Almost three weeks before I was supposed to move to Boston for my first-year of school at Simmons College, my entire life was flipped in a completely unexpected direction. At 18 years-old, on August 6th, 2015 I was diagnosed with type 1 diabetes (T1D) during a routine check-up at my pediatrician’s office. My doctor discovered that I had lost 10 pounds since the year before, even though I was not trying to lose weight. She immediately began to investigate, and when they took my blood sugar, it was over 600. At the time, I did not realize I was showing some of the classic symptoms of T1D – I was painfully thirsty, but I blamed it on the hot weather. I was always tired, but I blamed it on my long work hours and having to get up early. I was always hungry and ate snacks and meals all-day, but I always have had a big appetite. I never suspected anything was wrong because I was absolutely unaware and ignorant of what T1D even was.
Both my parents and I (mostly them) were already on edge and worried about my transition to Boston, but diabetes made the transition even more difficult. Being diagnosed at 18, no one knew if I should be admitted to pediatric care or adult care; I ended up staying 3-days in adult care. I left that stay both confused and uneducated about T1D and what it meant for my future. Both of my parents were concerned about the rapidly approaching move-in date and suggested that I wait a semester before leaving. I insisted on going to Boston when we had originally planned, which left little time for me to adjust to life with T1D. Luckily, I had a handful of close friends that I met at orientation who cared about my new diagnosis and were willing to learn about my diabetes with me.
Soon after arriving to campus for my first year, I was fortunate to meet three other Simmons students with diabetes. We were all eager to try to start a diabetes club, and the College Diabetes Network (CDN) was the perfect resource that enabled us to have a foundation. From there, we established a CDN chapter and became an official organization on campus. We also began making more and more connections with T1D students and students that have a personal connection to T1D at Simmons. Our CDN Chapter is still a new organization on campus, but we continue to work to be a resource for incoming and current students with T1D and to educate our fellow peers through tabling and other events.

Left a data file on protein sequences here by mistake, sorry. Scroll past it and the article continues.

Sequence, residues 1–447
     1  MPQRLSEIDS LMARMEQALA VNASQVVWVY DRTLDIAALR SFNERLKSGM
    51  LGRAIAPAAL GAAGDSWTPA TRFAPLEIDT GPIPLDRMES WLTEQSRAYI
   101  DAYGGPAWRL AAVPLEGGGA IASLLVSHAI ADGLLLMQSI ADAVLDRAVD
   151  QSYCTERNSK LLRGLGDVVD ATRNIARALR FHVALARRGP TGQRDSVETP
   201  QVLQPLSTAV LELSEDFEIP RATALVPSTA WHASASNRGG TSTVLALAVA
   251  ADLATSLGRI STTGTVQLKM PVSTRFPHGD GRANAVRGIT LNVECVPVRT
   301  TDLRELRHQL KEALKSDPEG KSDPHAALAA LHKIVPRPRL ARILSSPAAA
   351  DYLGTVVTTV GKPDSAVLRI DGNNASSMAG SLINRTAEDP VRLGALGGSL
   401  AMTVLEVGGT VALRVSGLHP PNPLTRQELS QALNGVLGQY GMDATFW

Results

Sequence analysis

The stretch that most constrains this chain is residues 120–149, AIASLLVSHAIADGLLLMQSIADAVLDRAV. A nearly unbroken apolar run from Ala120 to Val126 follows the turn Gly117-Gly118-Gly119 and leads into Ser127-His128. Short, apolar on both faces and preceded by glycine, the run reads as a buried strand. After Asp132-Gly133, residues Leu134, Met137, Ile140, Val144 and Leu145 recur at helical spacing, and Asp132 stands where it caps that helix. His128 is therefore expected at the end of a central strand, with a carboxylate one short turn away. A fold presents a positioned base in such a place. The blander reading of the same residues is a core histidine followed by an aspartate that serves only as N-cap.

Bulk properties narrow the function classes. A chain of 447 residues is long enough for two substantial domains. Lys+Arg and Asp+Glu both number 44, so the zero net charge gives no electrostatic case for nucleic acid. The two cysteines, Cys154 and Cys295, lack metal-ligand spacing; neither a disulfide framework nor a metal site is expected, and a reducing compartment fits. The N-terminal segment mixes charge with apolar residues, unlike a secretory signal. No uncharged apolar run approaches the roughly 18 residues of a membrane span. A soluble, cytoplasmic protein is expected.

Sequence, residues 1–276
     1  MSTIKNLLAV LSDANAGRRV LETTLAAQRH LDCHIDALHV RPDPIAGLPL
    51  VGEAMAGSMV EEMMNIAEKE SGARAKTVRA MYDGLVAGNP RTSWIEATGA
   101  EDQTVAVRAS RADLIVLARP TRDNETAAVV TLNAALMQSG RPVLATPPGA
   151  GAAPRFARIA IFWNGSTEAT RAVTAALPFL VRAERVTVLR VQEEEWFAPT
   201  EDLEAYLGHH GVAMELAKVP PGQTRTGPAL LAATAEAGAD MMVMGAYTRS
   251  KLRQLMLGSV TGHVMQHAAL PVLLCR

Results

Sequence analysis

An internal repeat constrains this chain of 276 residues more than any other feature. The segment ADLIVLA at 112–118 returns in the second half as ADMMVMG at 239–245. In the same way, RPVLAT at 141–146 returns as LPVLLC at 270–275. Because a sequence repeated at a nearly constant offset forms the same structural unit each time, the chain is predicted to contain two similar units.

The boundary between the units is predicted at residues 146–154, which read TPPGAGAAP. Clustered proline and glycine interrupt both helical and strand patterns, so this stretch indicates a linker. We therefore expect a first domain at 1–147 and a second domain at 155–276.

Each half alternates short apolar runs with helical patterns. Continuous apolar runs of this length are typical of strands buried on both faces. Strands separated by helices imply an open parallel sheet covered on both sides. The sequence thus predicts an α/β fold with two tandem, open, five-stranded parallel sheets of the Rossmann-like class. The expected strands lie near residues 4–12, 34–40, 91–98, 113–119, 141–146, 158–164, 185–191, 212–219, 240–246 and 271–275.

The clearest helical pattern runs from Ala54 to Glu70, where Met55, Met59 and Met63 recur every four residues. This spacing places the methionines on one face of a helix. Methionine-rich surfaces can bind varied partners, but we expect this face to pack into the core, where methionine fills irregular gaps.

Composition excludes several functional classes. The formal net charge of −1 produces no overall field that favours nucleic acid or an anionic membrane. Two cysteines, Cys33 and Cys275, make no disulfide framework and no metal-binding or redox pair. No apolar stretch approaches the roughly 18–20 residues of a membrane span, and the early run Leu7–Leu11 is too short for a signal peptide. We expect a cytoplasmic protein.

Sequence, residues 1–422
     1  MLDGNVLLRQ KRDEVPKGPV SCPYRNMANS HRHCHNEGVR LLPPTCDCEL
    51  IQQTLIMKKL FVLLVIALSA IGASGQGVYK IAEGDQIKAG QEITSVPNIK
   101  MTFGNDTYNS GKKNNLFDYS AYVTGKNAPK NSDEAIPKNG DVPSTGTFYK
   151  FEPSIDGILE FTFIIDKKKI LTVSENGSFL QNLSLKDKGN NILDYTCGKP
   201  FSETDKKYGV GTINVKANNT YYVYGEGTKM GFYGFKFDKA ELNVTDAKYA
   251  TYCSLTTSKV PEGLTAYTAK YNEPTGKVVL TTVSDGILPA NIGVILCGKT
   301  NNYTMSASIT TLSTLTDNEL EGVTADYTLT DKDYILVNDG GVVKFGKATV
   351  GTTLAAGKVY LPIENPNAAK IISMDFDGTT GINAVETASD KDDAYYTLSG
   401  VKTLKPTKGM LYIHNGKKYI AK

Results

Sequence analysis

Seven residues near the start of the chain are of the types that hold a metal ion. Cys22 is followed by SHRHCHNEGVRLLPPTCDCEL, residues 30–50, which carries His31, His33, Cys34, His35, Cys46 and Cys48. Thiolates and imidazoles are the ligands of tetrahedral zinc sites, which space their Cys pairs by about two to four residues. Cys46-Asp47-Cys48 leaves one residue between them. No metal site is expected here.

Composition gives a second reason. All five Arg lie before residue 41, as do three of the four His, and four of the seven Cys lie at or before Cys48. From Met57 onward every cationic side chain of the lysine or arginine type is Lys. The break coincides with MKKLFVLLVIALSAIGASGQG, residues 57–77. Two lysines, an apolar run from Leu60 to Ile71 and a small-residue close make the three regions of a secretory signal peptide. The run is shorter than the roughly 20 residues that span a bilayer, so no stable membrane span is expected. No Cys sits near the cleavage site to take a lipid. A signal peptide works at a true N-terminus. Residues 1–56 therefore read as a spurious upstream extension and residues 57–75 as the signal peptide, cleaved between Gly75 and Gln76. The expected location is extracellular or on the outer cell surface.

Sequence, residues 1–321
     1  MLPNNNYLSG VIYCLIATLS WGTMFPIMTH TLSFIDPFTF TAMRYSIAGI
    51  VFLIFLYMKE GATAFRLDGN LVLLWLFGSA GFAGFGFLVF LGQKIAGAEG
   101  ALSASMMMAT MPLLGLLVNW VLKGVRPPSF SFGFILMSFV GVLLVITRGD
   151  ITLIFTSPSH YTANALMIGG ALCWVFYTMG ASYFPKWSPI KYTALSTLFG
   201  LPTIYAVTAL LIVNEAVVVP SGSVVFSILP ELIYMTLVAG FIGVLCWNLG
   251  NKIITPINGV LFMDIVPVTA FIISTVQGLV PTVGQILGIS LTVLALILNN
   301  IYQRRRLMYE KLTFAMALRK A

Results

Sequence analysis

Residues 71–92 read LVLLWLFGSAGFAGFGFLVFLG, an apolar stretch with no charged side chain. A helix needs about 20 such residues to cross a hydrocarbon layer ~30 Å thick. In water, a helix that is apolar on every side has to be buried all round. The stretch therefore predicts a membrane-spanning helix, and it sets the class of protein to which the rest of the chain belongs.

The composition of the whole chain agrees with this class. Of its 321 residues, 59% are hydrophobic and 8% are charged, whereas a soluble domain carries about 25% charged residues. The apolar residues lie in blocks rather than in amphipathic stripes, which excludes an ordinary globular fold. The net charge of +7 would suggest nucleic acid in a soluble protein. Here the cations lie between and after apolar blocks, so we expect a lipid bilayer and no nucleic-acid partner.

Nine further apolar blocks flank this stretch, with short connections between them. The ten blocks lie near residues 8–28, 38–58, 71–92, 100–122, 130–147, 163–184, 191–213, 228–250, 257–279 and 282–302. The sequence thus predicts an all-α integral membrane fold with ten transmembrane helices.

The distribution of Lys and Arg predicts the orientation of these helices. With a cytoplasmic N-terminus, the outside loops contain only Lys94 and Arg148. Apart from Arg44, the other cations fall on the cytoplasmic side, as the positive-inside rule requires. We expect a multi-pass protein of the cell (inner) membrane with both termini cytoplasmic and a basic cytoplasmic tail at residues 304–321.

Being diagnosed with T1D at a later age proved to have its challenges and difficulties. But with my diagnosis came invaluable and irreplaceable connections with other type 1 folks and with other students that are eager to learn, educate, and advocate for people with diabetes. I have found while facing the challenges that come with T1D, they can feel much smaller and reduce the feeling of loneliness when I have diabesties to learn from and grow with.
I learned valuable T1D lessons from the CDN and my new diabesties, and gained useful tips and tricks early into my diagnosis. Without the friendships and connections I made in the first couple of months of being diagnosed, I don’t know where I’d be in my adventure with diabetes.
Editor's note: for more information about being diagnosed as a young adult, check out our new guide: "You've Got This: A Guide for Young Adults Diagnosed with Type 1 Diabetes", and the accompanying video series.